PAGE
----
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China, other powers say N.Korea should be punished

UNITED NATIONS – China, North Korea’s most important ally, joined other world powers on Tuesday in calling for a tough response to the reclusive communist state’s announcement of a nuclear weapons test.

China and Russia, which both border North Korea, met with other veto-holding members of the U.N. Security Council to discuss a range of sanctions proposed by the United States and Japan to pressure Pyongyang to abandon its nuclear program.

Beijing’s U.N. Ambassador, Wang Guangya, told reporters: “I think that there has to be some punitive actions.” But he did not say which of the U.S.-proposed sanctions he would support.

“We need to have a firm, constructive, appropriate but prudent response to North Korea’s nuclear threat,” Wang added.

In Moscow, Russian Defense Minister Sergei Ivanov called the reported test a “colossal blow” to the nonproliferation regime but, like China, insisted an eventual U.N. resolution should not involve the use of force. No one at the United Nations has proposed this.

“For us that is very important … imagine if there was military action on the territory of North Korea … North Korea has borders with three countries, and one of them is Russia,” Ivanov told reporters. The United States, France and Britain, the three other permanent council members, agreed that tough measures were needed fast, despite the fact that only Russia has said the evidence available confirms a nuclear blast actually occurred.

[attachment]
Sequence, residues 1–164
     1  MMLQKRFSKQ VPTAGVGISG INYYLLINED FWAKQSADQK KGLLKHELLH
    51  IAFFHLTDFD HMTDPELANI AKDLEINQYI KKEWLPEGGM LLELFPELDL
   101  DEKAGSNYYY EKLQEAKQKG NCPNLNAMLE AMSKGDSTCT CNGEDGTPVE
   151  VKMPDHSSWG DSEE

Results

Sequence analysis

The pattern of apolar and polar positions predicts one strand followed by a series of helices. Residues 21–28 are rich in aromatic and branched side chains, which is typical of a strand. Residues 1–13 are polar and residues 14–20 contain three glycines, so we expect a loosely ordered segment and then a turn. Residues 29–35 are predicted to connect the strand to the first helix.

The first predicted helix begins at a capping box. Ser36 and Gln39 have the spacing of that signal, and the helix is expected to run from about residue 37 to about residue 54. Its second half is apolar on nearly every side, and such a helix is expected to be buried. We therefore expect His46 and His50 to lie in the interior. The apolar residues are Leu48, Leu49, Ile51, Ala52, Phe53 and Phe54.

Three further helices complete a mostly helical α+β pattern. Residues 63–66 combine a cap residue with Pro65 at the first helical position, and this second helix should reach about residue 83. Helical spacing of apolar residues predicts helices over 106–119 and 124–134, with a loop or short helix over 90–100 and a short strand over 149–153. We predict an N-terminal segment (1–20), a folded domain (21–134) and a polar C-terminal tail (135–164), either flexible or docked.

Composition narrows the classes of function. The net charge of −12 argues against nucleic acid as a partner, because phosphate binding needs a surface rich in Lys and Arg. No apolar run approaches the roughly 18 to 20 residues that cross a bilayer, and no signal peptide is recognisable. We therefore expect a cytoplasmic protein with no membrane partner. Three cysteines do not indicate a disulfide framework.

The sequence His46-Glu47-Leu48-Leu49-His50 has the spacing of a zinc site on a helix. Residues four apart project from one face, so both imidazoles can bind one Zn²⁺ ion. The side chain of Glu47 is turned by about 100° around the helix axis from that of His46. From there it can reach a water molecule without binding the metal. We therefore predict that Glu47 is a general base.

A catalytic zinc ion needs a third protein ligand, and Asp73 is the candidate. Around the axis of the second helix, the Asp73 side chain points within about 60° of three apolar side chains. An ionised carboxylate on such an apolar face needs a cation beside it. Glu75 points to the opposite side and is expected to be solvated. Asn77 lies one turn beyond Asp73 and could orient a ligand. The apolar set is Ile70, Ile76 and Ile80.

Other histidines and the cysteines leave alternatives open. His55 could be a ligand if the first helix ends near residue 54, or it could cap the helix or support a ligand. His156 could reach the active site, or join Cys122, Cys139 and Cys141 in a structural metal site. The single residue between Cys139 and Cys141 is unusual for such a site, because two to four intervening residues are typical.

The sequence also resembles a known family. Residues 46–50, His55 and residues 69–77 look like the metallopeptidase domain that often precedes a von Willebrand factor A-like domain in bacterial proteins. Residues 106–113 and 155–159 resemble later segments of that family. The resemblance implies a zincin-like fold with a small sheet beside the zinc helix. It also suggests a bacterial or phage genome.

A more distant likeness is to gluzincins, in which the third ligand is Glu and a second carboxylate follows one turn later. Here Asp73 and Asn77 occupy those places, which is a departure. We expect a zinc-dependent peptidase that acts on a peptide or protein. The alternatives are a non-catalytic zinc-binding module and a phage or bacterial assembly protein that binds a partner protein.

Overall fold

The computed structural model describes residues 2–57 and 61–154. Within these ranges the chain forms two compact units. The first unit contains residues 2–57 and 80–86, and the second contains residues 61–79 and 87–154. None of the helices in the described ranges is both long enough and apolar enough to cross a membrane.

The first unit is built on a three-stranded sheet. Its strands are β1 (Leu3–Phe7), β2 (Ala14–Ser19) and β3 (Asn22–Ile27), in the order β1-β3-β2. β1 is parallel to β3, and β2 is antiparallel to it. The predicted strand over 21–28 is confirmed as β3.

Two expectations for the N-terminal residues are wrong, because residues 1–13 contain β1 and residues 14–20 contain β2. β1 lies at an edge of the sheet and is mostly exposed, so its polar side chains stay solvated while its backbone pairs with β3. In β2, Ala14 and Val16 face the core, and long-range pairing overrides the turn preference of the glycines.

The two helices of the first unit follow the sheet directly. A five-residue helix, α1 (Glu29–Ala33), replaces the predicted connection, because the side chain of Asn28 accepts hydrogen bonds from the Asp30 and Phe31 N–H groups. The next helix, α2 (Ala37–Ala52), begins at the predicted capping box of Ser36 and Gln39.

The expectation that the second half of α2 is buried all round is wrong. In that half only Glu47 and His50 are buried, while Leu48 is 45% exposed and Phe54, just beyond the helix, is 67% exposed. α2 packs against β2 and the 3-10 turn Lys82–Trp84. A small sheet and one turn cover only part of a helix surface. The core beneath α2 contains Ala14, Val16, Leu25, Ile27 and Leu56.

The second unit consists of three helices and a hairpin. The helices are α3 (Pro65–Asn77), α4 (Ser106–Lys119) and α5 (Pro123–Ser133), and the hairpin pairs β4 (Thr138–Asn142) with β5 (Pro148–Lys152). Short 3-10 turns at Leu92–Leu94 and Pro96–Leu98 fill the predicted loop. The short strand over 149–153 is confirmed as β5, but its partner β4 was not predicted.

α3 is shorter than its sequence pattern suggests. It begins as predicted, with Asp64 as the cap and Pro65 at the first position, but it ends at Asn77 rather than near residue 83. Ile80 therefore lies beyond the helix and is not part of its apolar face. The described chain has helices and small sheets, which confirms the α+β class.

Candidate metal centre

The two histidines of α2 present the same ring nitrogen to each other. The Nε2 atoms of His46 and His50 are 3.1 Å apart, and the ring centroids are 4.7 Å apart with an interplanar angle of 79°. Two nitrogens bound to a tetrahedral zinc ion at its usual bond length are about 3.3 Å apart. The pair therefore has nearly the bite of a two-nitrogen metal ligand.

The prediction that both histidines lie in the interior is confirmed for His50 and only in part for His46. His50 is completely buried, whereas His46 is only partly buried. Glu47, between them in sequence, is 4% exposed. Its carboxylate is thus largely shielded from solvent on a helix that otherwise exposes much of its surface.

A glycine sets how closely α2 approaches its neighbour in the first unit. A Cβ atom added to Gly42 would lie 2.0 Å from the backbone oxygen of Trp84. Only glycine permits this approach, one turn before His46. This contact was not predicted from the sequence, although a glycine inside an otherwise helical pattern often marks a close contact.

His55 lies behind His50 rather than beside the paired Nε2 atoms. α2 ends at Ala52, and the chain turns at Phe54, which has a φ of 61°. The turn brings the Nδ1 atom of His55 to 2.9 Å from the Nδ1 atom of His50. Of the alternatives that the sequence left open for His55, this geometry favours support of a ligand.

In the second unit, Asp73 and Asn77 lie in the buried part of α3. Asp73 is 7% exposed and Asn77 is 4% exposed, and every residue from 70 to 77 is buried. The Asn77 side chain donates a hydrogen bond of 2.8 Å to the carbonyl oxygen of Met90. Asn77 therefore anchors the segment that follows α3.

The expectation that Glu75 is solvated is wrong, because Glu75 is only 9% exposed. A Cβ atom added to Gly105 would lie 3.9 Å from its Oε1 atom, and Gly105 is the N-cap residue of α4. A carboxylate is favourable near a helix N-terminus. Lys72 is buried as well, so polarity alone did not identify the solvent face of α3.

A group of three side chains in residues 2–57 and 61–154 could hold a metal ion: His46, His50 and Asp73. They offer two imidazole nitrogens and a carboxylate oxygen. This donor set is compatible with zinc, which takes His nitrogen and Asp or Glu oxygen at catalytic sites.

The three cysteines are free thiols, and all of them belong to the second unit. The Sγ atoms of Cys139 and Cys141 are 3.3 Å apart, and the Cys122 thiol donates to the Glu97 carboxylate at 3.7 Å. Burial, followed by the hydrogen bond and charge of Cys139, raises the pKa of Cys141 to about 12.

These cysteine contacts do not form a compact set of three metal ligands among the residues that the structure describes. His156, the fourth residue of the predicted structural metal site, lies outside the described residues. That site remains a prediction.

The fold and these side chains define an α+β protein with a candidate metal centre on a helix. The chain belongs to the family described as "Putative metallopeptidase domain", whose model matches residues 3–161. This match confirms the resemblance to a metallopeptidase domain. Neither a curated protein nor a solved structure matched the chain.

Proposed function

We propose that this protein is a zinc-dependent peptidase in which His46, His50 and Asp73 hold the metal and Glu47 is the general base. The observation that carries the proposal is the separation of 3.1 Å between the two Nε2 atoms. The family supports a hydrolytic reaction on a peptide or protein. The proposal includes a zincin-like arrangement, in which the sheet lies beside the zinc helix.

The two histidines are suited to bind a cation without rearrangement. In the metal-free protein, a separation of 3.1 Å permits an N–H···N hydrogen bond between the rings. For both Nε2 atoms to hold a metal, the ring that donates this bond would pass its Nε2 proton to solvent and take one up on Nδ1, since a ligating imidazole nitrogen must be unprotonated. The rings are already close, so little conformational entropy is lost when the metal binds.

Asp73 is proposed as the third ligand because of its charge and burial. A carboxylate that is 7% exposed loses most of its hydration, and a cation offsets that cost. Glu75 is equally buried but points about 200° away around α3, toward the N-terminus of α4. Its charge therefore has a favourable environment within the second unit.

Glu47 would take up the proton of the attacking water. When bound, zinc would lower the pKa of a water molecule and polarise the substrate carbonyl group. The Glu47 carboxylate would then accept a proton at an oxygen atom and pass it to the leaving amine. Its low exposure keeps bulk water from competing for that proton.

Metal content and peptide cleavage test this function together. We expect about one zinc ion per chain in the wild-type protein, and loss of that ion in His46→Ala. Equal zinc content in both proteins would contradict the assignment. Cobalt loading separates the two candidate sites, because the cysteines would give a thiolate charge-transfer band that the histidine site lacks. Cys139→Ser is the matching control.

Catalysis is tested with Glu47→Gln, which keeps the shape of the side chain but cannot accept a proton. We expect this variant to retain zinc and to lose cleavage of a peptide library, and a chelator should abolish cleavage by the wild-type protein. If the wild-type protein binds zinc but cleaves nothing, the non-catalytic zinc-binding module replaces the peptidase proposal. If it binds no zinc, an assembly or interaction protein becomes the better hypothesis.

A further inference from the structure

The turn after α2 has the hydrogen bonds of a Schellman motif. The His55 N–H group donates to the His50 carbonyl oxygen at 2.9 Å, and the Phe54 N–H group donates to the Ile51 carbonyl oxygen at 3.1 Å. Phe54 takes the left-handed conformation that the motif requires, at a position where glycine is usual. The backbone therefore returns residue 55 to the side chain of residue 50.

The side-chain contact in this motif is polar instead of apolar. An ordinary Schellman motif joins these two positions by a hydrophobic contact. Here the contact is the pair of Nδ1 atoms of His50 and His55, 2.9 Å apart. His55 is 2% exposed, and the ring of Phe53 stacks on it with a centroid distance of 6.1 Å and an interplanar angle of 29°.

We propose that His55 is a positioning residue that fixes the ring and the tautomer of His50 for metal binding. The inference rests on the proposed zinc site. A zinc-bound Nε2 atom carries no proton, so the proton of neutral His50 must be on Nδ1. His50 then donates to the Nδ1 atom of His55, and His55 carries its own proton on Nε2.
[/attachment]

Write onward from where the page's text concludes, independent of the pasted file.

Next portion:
No council vote has been scheduled and no deal has been reached on an array of weapons-related and financial sanctions. Japan’s U.N. Ambassador Kenzo Oshima, this month’s council president, and U.S. Ambassador John Bolton said negotiations had made progress but differences remained.

“We don’t have complete agreement on this yet, but we’re making progress,” Bolton said.

In Brussels, a visiting North Korea legislator defended the tests, saying, “Our country has been under severe sanctions and threats by the United States for more than 60 years.

“We had to take measures in order to obtain a nuclear deterrent against the Americans,” said Ri Jong-hyok, adding that it was a “matter of life and death.”

The White House has repeatedly raised doubts about the strength of North Korea’s nuclear program and on Tuesday sought to play down the significance of its reported test. Spokesman Tony Snow said it would take more time to come to a conclusion on whether a nuclear device had been detonated.

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